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Guest sh7t man no way

how long do you give Australia

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Guest sh7t man no way

before you decided to return home--is it the 2 year plan--or do you know after 1 week,or 10 years--also when do the alarm bells kick in that says its not for you,and what are the alarm bells that get you thinking like that--just how long did you give australia,and for people thinking of returning home whats making you have those thoughts

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Guest guest37336
before you decided to return home--is it the 2 year plan--or do you know after 1 week,or 10 years--also when do the alarm bells kick in that says its not for you,and what are the alarm bells that get you thinking like that--just how long did you give australia,and for people thinking of returning home whats making you have those thoughts

 

Generally mate I go by the 'Two Year Rule'. I realise that this amount of time isn't required by some, and indeed at times it can take longer, but I generally found two years about right for me.

 

Having said that if I/we didn't particular like an area we would move without hesitation, even if it meant shipping states.

 

It such a vast place that a lifetime isn't enough to see it all. And I also realise that some will inevitably come home no matter where they are as their problems seem insurmountable no matter where they live, and fair play to that.

 

Cheers Tony.:wink:

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Here you go, Alan...

 

Australia's vital statistics

 

The continent is 3 700 km from North to South and 4 000km from East to West. This varies, as the coastline takes a lot of bends and curves.

Further information:

 

From the most eastern point of Australia, Cape Byron in New South Wales, to the most western point of Australia, Steep Point in Western Australia, is a distance of 4100 kilometres.

From the most northerly point in Australia, the tip of Cape York in Queensland, to the southernmost point of the Australian mainland, Wilson's Promontory in Victoria, is 3180 km. This does not include the state of Tasmania, a large island off the southern coast of Australia.

 

Read more: http://wiki.answers.com/Q/What_is_the_length_and_width_of_Australia#ixzz1X6oG9z5B

 

Cheers, Bobj.

 

Oh, before I decided to return home???

 

Still thinking about it

 

 

 

 

 

But not thinking too hard:laugh:

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Guest sh7t man no way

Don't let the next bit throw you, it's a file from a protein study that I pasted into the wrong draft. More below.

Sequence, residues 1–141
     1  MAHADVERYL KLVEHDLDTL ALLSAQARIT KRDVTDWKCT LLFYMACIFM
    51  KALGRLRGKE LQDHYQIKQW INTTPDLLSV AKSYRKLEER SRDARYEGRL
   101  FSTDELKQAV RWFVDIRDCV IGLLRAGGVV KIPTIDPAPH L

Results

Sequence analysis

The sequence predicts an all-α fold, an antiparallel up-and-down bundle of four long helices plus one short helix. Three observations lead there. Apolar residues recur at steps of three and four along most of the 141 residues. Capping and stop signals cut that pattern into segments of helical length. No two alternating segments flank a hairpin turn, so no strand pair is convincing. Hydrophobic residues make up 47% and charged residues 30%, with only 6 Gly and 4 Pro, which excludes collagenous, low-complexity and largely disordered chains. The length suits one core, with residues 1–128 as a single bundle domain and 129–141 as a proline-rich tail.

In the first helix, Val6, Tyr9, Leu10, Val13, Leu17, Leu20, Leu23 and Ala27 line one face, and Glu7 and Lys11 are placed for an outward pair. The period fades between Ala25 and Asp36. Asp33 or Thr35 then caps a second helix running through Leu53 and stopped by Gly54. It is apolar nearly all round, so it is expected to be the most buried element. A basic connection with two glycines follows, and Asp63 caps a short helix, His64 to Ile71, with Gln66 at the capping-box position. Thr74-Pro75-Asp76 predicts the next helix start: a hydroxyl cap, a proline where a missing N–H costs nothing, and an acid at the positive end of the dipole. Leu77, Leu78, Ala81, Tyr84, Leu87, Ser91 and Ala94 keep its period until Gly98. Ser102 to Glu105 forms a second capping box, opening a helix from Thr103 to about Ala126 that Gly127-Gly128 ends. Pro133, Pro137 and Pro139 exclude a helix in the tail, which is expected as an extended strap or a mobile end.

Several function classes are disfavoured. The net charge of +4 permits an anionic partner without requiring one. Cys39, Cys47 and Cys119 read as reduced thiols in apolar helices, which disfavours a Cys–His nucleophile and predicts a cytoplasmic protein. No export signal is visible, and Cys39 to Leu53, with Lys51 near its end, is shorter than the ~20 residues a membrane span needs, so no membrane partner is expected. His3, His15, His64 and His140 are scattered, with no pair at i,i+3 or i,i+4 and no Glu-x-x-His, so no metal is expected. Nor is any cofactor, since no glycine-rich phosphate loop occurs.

Here you go, Alan...

 

Australia's vital statistics

 

The continent is 3 700 km from North to South and 4 000km from East to West. This varies, as the coastline takes a lot of bends and curves.

Further information:

 

From the most eastern point of Australia, Cape Byron in New South Wales, to the most western point of Australia, Steep Point in Western Australia, is a distance of 4100 kilometres.

From the most northerly point in Australia, the tip of Cape York in Queensland, to the southernmost point of the Australian mainland, Wilson's Promontory in Victoria, is 3180 km. This does not include the state of Tasmania, a large island off the southern coast of Australia.

 

Read more: http://wiki.answers.com/Q/What_is_the_length_and_width_of_Australia#ixzz1X6oG9z5B

 

Cheers, Bobj.

 

Oh, before I decided to return home???

 

Still thinking about it

 

 

 

 

 

But not thinking too hard:laugh:

no wunder that fuels so cheap--gee thats a long drive for just a few towns:biglaugh::wink:

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I have given Oz 4 years. However, I knew when I got off the plane that I didn't want to be there and I cried for weeks, my poor husband was thinking wtf. Had it not been for hubby's family being closer we would have moved areas in Oz and I suspect I would have enjoyed it more...but....I don't like being away from my family and friends and essentially nothing will ever change that. There have been times when it has gotten better for me and I've thought I can stay and times when it has been terrible. No matter how nice the weather is or how big my house is or how much I earn I will still be lonely....in that sense.

 

I think the general rule is two years but I do think most people will knwo staright away.

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Guest ShellBee

I have felt the urge to go back to the UK for sometime but have waited for that 2 yr mark to make up my mind. Moving back Sept 12 and can't wait! The alarm bells for me?... being homesick for weeks on end.

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I have felt the urge to go back to the UK for sometime but have waited for that 2 yr mark to make up my mind. Moving back Sept 12 and can't wait! The alarm bells for me?... being homesick for weeks on end.

 

yay good for you!!!! good luck:biggrin:

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I have this theory that for some, but not all migrants, at the same time as they are fighting their homesickness, Australia is imperceptibly 'growing' upon them. Unfortunately, it is only when they get back to England that they realize it.

 

I remember, decades ago, reading about this British family who emigrated to NZ and immediately HATED it. They then started saving their money to purchase their tickets home and by the time they were ready to go, they realized that they liked it in NZ. They had got used to things like the native wild and plantlife and had (re) planted roots in NZ. They wrote a book about their experiences.

 

So, even if you know, from the second you step off that plane, that you HATE Australia, I think it can grow on you. The same thing happens to some Aussies who go to UK for a holiday and end up staying for good.

 

Perhaps it's like a kind of 'reverse' marriage where the honeymoon comes at the end not the beginning?

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This is all assuming that people who move to Australia have the intention of staying there permanently.